ERIC Identifier: ED358870
Publication Date: 1993-05-00
Author: Hancock, Vicki E.
Source: ERIC Clearinghouse on
Information Resources Syracuse NY.
Information Literacy for Lifelong Learning. ERIC Digest.
Beyond the basic skills of reading, writing, and arithmetic, the
citizen/worker of the twenty-first century needs complex analytical skills. The
technological tools of the Information Age--computer networks,
telecommunications systems, and databases--have put an unprecedented volume of
information at our fingertips. Yet how aware are we of what is available, when
to use it, and how to find out about it?
Education systems and institutions must take seriously the challenges of the
Information Age. This includes restructuring the learning process to reflect the
use of information in the real world, changing the role of the teacher from
presenter of prefabricated facts to facilitator of active learning, and
including the library/media specialist as a collaborator in curriculum planning
for effective use of information resources.
For many years educators have heard
about a variety of literacies--print, visual, computational, cultural, computer,
scientific--and their importance in every child's education. Each of the
literacies prescribes a process by which the learner can more easily negotiate
the content unique to a particular area of study. Each of the literacies
operates in isolation of the others, and each has its own vocabulary and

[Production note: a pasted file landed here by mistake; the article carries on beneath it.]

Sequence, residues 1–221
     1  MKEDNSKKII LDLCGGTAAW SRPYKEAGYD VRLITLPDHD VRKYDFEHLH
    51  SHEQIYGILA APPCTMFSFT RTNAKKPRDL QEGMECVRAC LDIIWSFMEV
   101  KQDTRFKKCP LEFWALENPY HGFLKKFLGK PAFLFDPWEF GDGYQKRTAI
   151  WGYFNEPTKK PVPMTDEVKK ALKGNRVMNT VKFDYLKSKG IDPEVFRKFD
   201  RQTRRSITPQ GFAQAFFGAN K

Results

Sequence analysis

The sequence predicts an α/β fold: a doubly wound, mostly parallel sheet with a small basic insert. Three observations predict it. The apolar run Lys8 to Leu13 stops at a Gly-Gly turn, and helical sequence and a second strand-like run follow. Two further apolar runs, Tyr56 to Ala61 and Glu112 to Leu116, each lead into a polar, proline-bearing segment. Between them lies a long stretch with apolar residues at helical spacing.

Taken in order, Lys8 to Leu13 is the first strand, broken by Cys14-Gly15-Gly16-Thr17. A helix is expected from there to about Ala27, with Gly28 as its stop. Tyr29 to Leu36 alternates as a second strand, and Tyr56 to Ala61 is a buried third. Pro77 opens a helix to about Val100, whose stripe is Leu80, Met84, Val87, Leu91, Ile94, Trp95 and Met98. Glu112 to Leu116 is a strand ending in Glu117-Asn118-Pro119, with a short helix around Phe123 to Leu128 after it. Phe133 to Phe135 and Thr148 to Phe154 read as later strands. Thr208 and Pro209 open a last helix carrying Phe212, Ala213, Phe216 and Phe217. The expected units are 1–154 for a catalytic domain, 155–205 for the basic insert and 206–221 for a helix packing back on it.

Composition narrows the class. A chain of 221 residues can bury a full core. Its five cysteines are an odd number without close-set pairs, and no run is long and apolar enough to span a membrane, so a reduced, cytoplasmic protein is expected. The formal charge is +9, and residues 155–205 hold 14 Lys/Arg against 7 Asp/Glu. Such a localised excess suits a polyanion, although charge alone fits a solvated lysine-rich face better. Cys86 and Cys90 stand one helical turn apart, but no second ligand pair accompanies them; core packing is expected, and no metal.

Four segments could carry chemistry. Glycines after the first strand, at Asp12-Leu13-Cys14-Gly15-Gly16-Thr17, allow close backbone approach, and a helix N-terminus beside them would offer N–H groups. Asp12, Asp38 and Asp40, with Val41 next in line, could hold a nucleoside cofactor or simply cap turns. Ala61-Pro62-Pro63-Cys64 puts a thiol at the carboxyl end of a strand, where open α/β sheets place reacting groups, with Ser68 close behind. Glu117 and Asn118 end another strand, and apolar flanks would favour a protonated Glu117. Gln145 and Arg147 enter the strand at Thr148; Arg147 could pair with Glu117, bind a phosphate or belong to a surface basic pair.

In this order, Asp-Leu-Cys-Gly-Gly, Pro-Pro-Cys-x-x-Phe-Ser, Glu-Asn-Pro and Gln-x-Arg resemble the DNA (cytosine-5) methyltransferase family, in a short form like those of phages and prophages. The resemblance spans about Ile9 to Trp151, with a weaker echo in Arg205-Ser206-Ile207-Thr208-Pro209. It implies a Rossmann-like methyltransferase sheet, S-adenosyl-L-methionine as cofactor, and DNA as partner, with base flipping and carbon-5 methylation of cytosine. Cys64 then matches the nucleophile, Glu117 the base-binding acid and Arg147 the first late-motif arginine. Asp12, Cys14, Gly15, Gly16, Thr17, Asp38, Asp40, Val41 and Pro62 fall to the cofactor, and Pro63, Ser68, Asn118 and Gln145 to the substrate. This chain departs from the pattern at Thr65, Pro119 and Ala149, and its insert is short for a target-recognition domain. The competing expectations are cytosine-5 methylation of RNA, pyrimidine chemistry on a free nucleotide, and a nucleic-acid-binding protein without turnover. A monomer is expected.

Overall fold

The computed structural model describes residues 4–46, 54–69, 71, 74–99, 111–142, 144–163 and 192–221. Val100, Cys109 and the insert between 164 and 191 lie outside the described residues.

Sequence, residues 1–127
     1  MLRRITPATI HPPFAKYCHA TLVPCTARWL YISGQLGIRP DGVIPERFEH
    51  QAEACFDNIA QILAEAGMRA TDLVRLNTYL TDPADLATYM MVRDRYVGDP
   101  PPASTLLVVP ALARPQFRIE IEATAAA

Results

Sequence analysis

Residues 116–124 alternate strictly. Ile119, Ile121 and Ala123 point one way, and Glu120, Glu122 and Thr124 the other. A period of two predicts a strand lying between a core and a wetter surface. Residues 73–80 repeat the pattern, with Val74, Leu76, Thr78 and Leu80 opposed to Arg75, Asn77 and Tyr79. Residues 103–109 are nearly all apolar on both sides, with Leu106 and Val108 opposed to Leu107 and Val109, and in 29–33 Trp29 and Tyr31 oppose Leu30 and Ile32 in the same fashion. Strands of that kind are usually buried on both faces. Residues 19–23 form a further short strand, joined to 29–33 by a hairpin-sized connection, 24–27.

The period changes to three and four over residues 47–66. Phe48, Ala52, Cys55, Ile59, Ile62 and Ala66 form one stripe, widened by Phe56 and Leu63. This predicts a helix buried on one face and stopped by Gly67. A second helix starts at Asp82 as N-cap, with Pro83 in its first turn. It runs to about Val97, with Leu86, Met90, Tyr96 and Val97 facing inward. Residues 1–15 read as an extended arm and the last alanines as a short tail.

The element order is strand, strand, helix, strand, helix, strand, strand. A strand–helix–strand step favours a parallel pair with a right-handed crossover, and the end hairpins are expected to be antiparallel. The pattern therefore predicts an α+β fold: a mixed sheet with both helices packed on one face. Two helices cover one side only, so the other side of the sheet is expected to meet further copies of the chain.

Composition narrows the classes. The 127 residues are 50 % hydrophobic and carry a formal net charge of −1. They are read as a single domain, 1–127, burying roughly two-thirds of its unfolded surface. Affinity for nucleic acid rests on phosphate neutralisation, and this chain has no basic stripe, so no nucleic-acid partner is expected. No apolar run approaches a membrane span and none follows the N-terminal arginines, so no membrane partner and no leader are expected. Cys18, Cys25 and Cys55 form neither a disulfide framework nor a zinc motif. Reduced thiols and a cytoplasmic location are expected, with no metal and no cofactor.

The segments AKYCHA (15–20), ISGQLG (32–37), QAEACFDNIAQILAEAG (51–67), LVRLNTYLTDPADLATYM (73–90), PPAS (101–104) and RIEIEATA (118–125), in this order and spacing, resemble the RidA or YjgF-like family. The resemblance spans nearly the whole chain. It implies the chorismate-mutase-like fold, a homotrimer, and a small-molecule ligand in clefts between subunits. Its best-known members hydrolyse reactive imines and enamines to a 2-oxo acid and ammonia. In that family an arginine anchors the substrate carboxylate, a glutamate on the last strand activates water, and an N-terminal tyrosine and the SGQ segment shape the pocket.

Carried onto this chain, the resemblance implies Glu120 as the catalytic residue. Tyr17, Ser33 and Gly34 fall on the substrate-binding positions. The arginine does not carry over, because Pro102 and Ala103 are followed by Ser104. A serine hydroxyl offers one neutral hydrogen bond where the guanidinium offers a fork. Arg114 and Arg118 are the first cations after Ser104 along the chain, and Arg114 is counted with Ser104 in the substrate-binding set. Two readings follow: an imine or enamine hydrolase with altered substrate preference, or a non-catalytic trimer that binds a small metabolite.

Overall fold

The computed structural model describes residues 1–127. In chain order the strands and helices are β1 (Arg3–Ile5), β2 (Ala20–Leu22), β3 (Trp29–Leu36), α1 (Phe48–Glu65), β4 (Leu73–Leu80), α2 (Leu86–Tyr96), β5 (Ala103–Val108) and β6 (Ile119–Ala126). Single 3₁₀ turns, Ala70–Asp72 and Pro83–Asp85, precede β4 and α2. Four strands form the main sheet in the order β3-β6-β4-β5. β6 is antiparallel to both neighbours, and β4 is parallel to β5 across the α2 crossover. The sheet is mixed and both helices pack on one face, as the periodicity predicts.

conventions for study. Information literacy, on the other hand, is a potential
tool of empowerment for all learners, reached through a "resource-based" learning approach.
Briefly defined, information literacy is an individual's ability to:
a need for information;
and locate appropriate information sources;
how to gain access to the information contained in those sources;
the quality of information obtained;
the information; and
the information effectively. (Doyle, 1992)
Information literacy programs encourage shifts in the roles of teachers and
learners. Such changes are essential to prepare learners to live and work in an
SHIFTS IN TEACHING AND LEARNING
In an information literate
environment, students engage in active, self-directed learning activities, and
teachers facilitate students' engagement through a more adventurous style of
instructional delivery. Students involved in information literate activities:
a rich range of information sources;
an understanding of content;
questions about the content being learned;
the environment, people, and tools for learning;
on their own learning;
their own learning; and
responsibility for their own learning.